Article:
Gauteng Smallholder October 2015 - Page 3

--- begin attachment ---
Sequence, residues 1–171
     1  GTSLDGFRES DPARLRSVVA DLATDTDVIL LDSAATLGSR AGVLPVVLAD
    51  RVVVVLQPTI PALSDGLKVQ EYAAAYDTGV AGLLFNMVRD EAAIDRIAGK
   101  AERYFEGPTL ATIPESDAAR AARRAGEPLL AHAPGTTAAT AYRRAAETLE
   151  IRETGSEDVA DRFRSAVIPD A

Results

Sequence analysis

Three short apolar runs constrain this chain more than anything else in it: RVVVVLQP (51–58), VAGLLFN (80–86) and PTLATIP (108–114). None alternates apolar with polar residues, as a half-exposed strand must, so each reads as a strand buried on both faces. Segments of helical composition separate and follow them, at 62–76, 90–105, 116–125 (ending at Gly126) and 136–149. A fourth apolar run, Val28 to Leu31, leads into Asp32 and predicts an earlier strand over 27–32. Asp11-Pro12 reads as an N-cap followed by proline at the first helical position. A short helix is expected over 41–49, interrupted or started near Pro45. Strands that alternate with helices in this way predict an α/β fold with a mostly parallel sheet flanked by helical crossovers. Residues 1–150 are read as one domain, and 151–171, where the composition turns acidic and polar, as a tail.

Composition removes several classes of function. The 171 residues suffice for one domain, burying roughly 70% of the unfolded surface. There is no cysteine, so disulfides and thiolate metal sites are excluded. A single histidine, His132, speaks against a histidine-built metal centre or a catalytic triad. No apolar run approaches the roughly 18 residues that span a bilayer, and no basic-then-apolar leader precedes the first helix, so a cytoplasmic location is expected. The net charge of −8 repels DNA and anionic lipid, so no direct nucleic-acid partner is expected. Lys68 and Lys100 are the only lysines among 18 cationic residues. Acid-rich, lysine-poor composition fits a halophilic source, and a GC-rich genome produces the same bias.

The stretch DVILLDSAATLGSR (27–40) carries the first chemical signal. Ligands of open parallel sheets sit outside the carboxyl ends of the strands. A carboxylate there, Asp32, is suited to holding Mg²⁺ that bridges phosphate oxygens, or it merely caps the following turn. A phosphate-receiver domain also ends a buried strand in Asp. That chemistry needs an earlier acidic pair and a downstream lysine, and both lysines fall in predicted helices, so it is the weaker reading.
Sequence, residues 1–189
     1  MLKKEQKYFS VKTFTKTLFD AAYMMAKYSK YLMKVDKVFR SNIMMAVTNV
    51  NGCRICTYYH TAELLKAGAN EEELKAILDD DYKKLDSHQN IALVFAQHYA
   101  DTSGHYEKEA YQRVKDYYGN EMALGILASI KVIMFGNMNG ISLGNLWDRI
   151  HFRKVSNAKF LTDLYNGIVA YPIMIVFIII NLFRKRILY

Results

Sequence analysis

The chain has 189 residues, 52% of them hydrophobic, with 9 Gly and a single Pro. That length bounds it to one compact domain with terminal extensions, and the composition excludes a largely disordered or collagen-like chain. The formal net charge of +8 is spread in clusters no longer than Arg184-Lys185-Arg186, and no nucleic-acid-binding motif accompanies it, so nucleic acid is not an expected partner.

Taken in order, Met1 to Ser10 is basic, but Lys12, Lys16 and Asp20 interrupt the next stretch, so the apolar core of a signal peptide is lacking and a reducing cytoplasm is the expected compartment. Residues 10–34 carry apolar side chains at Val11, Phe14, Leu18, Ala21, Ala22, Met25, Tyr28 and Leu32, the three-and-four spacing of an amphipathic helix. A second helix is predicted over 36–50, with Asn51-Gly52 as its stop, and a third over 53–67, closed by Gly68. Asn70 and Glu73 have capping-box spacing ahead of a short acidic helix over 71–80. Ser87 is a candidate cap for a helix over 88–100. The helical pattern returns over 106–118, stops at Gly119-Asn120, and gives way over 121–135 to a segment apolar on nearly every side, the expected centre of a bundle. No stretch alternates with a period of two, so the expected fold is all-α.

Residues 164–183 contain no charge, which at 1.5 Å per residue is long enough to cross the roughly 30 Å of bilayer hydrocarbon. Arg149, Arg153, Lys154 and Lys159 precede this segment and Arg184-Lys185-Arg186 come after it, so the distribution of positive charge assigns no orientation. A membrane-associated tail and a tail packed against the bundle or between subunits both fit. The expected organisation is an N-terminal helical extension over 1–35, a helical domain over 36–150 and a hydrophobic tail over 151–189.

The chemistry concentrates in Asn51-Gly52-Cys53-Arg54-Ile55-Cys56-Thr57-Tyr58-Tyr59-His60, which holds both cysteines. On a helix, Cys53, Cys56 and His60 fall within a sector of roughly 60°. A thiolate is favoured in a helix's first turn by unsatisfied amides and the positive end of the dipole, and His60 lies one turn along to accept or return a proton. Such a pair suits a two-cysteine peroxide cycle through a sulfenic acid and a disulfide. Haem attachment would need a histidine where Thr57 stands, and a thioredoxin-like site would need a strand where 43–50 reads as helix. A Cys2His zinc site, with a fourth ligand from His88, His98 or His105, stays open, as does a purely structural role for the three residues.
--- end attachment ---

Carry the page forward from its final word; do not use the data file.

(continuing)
GAUTENG COMMENT, by Pete Bower MAGAZINE HOW TO MAKE YOUR PLOT PROFITABLE Vol 16 No 10 October 2015 PUBLISHED BY Bowford Publications (Pty) Ltd Established 1985 (Reg No 2004/019727/07) PO Box 14648, Bredell 1623 Tel: 011 979-5088 or 076 176-7392 Fax: 086 602-3882 e-mail: website: PUBLISHER & EDITOR Pete Bower RESEARCH EDITOR Vanessa Bower GRAPHIC DESIGN Michelle Urquhart ADVERTISEMENT SALES Call 011 979-5088 ADVERTISING RATES (All Rates Full Colour, incl VAT) Full Page - R6800 Half Page - R4200 Quarter P - R2340 1/8 page - R1240 Smaller sizes: R95 per col cm (Minimum size - 4 col cm) (Black only: colour rate less 40%) Booking discounts (Payment lumpsum in advance) 3 insertions - less 10% 6 insertions - less 15% (other payment and discount options are available) Circulation Area More than 19 000 copies distributed free through outlets in the Agricultural Smallholding settlements of Gauteng and adjoining provinces. Also available by mail and online. By Mail To receive the Smallholder by mail send us a supply of stamped, selfaddressed A4 envelopes. Or, subscribe for only R210 per year. See coupon in this edition. Online Copyright Title and contents protected by copyright. No part of this publication may be reproduced or stored in any form whatsoever without the prior written permission of the publisher. Disclaimer While every care is taken to ensure the accuracy of the information in this journal, neither the Editor nor the Publisher can be held responsible for damages or consequences of any errors or omissions. The Publisher does not stand warranty for the performance of any article or service mentioned in this journal, whether in an advertisement or elsewhere. FRONT COVER . A calf licks Not a loving act: her mother’s coat to extract salt, a much-needed mineral for all livestock on dry winter grazing. Back to nature I n a move that is being hailed as a step in the right direction by many, the South African Dept of Agriculture has banned the commercial sale of genetically modified potatoes. The logic behind this move escapes us, given that South Africa has for many years allowed and indeed encouraged the wholesale planting of genetically modified maize. Both potatoes and maize are starchy staple foodstuffs, constituting a significant part of the diets of most South Africans so why one should be banned and the other encouraged seems a bit irrational. Nevertheless, for the anti-GM lobby the move is seen as a victory and some are asking whether other GM crops will be similarly outlawed. For the fact is that there is something of a backlash movement developing worldwide against anything that seeks to tamper with “natural” crops and growing methods. Indeed, having gone so far down the line of allowing GM maize production, the South African government finds itself out of step with international sentiment and is actually now caught between a rock and a hard place. Given the amount of investment in GM crops and the chemicals used to keep them healthy and weed-free (such as the dreaded glyphosate pesticides) the government could hardly now do a volte face and ban them. What it could do, however, is take seriously the moves overseas to ban the wholesale use of pesticides that are now being revealed as being carcinogenic and toxic in many, many ways not originally intended. Removing these poisons from the food production system would be seen by many as doing something good for the wellbeing of the citizens of this country. For, in truth, many of the supposed benefits of genetically modified crops in agriculture have not been realised. They were supposed to yield more than conventional crops. They haven't. They were supposed to lead to a reduction in the use of chemical inputs. They haven't. In fact they've resulted in an increase in the use of toxic substances such as glyphosate. In truth the GM debate tends to generate more heat than light with many of those both for and against not fully understanding the science behind genetic modification, or the costs, benefits and dangers involved, or how genetic modification differs from longstanding hybridisation. So the GM debate is hardly cut and dried, and is only one of a number of issues that the government needs to bear in mind when overseeing South Africa's agriculture and the food security of her people. In one of these fields at least the government is making noteworthy progress, albeit slowly, and that's in its plans to encourage smallholder agriculture among the previously disadvantaged. While this requires the expropriation of large tracts of land, a process that is slow and painful, and politically fraught in itself, the establishment on their own lands of thousands of otherwise impoverished citizens will go a long way towards upliftment of families and communities. Provided, of course, the establishment of these families goes hand in hand with the provision of the necessary infrastructural help in the form of material such as fencing, piping and other inputs, as well as help with marketing and distribution and, most crucially of all, suitable training and education. In the overall scheme of things, it's easy to buy up an old farm, chop it up into smaller bits and dish these out to families that have added their names to a waiting list. It's much more difficult to identify the needs of these new farmers, both in terms of infrastructure but also in terms of education e ь